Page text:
Nairobi County Governor Mike Sonko suspended the ban he had issued barring Matatus from operating in the CBD. Sonko said he has given Matatu’s one month to regulate themselves. In the new directive, Sonko wants Matatu players to ensure there is no double parking, obstructions, U-turns, loud music and blocking of business premises.
There were mixed reactions last week when the Governor issued the ban. Most complained that the ban was insensitive to commuters who would be forced to walk vast distances from drop off points to their stations of work. The tenuous political environment in the country cannot be ignored and may have played a part in softening the Governor’s stance.
As expected, big players in the Matatu industry did not take the ban lying low and immediately sought audience with the Governor. Sonko agreed to a meeting where he clarified that the order he issued on Friday was a pilot project where commuters would be dropped in the heart of the city without hindering traffic flow.
At the same time, Sonko promised that his government will address the perennial Nairobi traffic menace through construction of storeyed and underground parking. The plan will also see expansion of roads to include special lanes for high-capacity buses. These buses will pick passengers from gazetted termini and commuters will not have to pay a dime more.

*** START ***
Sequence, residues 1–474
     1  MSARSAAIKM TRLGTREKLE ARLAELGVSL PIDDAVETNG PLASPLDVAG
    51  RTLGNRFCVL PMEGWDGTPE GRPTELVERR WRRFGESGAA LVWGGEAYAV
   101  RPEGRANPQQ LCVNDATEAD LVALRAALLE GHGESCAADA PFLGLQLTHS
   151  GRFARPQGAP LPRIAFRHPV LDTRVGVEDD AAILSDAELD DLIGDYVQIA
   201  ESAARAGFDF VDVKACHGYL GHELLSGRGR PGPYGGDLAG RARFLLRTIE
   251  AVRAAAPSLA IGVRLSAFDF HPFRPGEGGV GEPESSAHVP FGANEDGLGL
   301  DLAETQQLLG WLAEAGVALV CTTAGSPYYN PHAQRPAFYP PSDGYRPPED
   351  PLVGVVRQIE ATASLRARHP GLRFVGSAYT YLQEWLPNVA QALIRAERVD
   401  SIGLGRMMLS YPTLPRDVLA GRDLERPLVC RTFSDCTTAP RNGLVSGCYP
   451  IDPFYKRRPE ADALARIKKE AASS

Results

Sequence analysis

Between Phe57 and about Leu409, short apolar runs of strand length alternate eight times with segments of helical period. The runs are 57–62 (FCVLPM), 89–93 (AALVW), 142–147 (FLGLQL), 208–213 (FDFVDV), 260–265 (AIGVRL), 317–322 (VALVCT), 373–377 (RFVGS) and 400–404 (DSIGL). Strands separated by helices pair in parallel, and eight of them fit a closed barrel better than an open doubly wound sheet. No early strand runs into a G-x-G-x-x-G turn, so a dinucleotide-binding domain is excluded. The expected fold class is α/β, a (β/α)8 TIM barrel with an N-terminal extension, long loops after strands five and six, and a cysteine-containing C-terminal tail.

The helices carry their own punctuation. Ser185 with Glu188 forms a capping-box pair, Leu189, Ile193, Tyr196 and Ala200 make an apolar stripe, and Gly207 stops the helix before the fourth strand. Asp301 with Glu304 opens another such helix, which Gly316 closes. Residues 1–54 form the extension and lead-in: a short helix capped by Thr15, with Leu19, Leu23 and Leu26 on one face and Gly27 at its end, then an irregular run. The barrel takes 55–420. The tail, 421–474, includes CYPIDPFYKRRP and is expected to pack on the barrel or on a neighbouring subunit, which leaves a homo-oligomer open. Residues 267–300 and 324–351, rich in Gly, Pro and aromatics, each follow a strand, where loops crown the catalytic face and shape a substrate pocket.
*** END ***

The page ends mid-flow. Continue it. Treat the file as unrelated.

The Matatu industry is highly unregulated and is often run in cohorts with cartels who have little regard for law. Traffic police are often unable to enforce penalties on Matatus given most of them are affiliated to city dons who have their bosses on payroll. It is therefore interesting to see whether this self-regulation challenge work.
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